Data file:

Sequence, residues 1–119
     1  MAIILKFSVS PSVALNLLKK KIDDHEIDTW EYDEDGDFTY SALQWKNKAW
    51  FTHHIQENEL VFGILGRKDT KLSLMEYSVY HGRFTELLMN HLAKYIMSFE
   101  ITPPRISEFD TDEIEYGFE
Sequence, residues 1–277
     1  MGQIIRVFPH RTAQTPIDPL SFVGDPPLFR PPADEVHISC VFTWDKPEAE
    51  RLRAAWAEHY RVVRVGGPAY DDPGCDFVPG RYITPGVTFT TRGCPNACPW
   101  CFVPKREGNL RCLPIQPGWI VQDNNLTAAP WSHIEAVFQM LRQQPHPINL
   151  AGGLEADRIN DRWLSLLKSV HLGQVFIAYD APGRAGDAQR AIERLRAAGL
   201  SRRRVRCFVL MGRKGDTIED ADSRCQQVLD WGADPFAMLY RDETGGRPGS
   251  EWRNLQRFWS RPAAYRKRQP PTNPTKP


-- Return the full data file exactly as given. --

Sequence, residues 1–119
     1  MAIILKFSVS PSVALNLLKK KIDDHEIDTW EYDEDGDFTY SALQWKNKAW
    51  FTHHIQENEL VFGILGRKDT KLSLMEYSVY HGRFTELLMN HLAKYIMSFE
   101  ITPPRISEFD TDEIEYGFE
Sequence, residues 1–277
     1  MGQIIRVFPH RTAQTPIDPL SFVGDPPLFR PPADEVHISC VFTWDKPEAE
    51  RLRAAWAEHY RVVRVGGPAY DDPGCDFVPG RYITPGVTFT TRGCPNACPW
   101  CFVPKREGNL RCLPIQPGWI VQDNNLTAAP WSHIEAVFQM LRQQPHPINL
   151  AGGLEADRIN DRWLSLLKSV HLGQVFIAYD APGRAGDAQR AIERLRAAGL
   201  SRRRVRCFVL MGRKGDTIED ADSRCQQVLD WGADPFAMLY RDETGGRPGS
   251  EWRNLQRFWS RPAAYRKRQP PTNPTKP